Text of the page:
Health Profile of an individual
- Critically analyse and evaluate the concept of health and wellness, taking in to account the determinants of health, their relevance to health and wellbeing and the impact of inequalities of health on individuals and populations.
- Critically appraise and develop knowledge to systematically assess the health needs of individuals, families and populations taking account of relevant epidemiological and research evidence.
- Examine the impact of economics and health and social care policies on public health and provision of healthcare.
|Introduction What are you going to discuss in the essay and why • The importance of the role of the nurse in promoting health and wellbeing across the lifecourse. • The importance of your field of nursing in promoting health and wellbeing.||Why is nursing so important in terms of promoting health and wellbeing (consider MECC and prevention). What policy influences this role such as NHS long term plan, Future Nurse Standards.|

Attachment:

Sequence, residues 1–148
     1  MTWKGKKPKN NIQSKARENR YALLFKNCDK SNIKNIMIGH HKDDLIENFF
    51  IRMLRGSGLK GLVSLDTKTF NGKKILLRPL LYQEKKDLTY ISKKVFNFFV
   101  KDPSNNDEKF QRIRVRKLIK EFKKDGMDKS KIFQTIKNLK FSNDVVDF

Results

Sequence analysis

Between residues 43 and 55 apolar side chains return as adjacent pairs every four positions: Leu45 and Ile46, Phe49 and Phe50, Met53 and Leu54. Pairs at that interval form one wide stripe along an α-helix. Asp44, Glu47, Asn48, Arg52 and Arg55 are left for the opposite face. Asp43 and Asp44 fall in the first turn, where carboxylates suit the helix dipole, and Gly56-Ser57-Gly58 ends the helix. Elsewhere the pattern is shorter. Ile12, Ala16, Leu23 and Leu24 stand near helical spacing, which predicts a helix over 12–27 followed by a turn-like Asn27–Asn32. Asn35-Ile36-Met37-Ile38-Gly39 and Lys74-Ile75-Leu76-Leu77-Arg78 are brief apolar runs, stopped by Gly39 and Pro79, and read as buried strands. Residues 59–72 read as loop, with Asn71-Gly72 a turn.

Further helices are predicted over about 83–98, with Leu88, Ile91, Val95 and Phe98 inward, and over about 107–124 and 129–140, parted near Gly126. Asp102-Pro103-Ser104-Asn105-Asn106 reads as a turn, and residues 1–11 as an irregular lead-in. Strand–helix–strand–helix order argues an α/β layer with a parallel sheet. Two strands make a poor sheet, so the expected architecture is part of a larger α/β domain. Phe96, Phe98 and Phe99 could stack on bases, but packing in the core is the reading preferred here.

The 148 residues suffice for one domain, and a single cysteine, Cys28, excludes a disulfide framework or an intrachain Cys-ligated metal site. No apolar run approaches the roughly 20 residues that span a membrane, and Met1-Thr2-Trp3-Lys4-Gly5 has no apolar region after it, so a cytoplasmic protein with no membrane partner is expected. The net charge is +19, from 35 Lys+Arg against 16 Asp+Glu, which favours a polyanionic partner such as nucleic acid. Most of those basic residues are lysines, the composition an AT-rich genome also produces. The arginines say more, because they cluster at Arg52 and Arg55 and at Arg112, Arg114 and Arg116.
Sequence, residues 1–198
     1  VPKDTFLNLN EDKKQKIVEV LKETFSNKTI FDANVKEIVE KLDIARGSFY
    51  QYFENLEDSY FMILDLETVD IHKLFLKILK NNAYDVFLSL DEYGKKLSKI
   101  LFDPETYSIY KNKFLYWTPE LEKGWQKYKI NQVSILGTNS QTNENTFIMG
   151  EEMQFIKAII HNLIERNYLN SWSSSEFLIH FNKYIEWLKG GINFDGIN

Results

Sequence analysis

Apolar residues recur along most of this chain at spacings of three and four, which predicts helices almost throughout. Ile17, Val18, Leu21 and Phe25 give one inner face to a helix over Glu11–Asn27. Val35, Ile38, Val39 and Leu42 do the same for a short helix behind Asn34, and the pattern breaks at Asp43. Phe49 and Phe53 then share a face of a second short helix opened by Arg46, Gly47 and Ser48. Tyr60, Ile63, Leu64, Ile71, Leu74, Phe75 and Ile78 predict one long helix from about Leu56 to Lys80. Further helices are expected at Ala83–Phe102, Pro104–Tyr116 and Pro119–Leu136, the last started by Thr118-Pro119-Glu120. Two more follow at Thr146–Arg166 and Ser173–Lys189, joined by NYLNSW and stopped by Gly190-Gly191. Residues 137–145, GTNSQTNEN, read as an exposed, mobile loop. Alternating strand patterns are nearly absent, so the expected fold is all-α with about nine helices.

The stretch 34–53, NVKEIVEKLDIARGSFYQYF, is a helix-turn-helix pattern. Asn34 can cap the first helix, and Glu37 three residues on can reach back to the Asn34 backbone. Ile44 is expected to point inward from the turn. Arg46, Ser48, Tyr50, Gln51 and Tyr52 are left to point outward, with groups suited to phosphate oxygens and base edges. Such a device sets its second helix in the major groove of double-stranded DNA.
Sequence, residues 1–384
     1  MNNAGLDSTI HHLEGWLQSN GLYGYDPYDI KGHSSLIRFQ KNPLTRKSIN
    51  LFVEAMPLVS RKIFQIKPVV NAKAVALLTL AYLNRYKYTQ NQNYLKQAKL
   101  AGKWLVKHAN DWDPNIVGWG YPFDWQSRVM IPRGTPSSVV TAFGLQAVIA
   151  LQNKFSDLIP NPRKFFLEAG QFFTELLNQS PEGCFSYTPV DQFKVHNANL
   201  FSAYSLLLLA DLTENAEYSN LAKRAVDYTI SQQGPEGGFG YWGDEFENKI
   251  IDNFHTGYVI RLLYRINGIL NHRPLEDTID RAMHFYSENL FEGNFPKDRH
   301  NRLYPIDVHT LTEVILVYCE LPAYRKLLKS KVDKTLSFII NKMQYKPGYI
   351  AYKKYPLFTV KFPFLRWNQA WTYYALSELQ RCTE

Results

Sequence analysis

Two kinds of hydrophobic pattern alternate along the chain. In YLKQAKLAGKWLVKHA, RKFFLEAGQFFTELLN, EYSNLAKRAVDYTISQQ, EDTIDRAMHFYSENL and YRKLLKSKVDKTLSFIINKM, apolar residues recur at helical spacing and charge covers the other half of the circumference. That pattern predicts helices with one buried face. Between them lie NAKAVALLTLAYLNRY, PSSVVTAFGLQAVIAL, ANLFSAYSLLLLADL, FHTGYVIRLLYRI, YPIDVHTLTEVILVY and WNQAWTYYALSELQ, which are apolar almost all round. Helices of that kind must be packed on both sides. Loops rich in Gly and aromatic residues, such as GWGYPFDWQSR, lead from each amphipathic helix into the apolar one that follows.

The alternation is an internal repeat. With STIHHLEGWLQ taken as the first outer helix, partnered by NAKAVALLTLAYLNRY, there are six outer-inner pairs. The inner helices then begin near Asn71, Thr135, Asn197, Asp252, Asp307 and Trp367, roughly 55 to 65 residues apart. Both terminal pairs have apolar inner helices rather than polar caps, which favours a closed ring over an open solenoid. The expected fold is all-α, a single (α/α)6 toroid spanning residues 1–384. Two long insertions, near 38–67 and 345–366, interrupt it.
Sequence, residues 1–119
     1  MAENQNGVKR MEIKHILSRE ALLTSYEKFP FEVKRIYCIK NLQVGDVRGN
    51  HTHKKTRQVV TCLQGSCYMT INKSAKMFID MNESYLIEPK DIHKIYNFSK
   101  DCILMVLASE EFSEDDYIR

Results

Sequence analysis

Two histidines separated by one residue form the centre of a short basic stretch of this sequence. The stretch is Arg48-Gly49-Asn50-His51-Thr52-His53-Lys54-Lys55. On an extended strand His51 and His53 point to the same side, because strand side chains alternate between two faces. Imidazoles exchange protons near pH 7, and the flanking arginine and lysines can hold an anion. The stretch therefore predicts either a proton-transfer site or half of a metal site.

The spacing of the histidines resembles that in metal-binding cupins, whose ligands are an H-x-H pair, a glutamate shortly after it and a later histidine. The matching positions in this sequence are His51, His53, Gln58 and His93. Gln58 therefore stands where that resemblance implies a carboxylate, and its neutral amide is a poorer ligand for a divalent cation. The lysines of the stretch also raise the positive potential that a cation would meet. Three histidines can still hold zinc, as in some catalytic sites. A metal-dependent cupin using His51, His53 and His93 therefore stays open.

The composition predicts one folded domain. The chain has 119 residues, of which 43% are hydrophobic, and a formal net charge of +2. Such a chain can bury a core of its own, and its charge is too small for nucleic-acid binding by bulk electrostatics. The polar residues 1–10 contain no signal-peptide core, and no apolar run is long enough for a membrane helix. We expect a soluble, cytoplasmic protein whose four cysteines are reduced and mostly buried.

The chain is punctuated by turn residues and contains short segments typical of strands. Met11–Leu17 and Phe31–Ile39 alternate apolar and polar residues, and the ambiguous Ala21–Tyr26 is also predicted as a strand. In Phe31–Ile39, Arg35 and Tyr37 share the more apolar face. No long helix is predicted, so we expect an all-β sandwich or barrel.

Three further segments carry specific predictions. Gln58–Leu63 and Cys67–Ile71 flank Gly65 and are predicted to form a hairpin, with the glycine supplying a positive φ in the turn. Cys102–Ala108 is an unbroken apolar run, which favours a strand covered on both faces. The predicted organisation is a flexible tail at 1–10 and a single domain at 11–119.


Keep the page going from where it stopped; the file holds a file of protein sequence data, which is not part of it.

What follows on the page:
|Background (sources and evidence must be cited as appropriate) • As we are exploring the health of an individual, we will need to start with a definition of health and wellbeing. Discuss that you will use the World Health Organization 1948 definition of health as your starting point. • The usefulness of health profile for understanding more about the health status and health risks of an individual, in relation to their family and community/neighbourhood.||Critique definitions and concepts of health and wellbeing. Are these achievable? Consider the influences of the wider determinants of health and wellbeing. What do profiles give us in terms of understanding Health status of an individual/community,inequalities in health, Priorities in health, etc.|